Hydropower developers must consider many factors when it comes time to license a new project or renew an existing one: How can environmental impacts be mitigated, including to fish populations?
Scientists at the Department of Energy’s Oak Ridge National Laboratory have developed a new method to peer deep into the nanostructure of biomaterials without damaging the sample. This novel technique can confirm structural features in starch, a carbohydrate important in biofuel production.
We have a data problem. Humanity is now generating more data than it can handle; more sensors, smartphones, and devices of all types are coming online every day and contributing to the ever-growing global dataset.
A novel approach developed by scientists at ORNL can scan massive datasets of large-scale satellite images to more accurately map infrastructure – such as buildings and roads – in hours versus days.
A team from the ORNL has conducted a series of experiments to gain a better understanding of quantum mechanics and pursue advances in quantum networking and quantum computing, which could lead to practical applications in cybersecurity and other areas.
Researchers across the scientific spectrum crave data, as it is essential to understanding the natural world and, by extension, accelerating scientific progress.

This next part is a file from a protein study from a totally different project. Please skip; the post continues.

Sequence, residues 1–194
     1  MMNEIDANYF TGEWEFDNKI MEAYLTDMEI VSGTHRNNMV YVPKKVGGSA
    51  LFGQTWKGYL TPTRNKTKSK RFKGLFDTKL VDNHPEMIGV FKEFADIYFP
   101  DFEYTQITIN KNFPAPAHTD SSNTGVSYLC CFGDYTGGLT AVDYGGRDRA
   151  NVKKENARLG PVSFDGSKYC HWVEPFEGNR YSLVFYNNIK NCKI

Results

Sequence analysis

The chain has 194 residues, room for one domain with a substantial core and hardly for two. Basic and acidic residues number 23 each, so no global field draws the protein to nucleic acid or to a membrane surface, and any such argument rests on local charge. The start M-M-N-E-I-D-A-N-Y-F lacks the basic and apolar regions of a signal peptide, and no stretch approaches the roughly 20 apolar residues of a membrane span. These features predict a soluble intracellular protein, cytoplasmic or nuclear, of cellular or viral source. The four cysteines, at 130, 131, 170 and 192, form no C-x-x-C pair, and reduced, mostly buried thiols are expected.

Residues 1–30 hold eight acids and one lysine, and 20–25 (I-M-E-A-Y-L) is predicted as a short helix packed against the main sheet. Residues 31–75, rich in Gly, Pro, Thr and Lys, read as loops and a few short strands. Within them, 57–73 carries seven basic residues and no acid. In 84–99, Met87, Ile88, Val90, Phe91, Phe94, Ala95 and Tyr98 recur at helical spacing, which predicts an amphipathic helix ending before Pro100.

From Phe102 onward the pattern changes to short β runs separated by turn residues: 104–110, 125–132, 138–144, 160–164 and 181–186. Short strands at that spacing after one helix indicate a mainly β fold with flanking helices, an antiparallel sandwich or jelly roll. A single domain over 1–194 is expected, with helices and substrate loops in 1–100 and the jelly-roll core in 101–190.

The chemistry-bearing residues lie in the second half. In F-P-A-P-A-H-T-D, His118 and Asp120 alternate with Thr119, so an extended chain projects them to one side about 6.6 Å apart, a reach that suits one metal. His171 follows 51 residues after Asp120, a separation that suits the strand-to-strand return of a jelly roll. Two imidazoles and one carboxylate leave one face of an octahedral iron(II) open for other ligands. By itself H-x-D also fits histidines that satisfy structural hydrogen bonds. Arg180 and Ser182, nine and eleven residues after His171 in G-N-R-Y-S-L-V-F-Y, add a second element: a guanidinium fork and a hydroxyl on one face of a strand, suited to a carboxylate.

For nearly three decades, scientists and engineers across the globe have worked on the Square Kilometre Array (SKA), a project focused on designing and building the world’s largest radio telescope. Although the SKA will collect enormous amounts of precise astronomical data in record time, scientific breakthroughs will only be possible with systems able to efficiently process that data.
ORNL computer scientist Catherine Schuman returned to her alma mater, Harriman High School, to lead Hour of Code activities and talk to students about her job as a researcher.
Researchers at Oak Ridge National Laboratory demonstrated that an additively manufactured polymer layer, when applied to carbon fiber reinforced plastic, or CFRP, can serve as an effective protector against aircraft lightning strikes.
Researchers demonstrated that an additively manufactured hot stamping die can withstand up to 25,000 usage cycles, proving that this technique is a viable solution for production.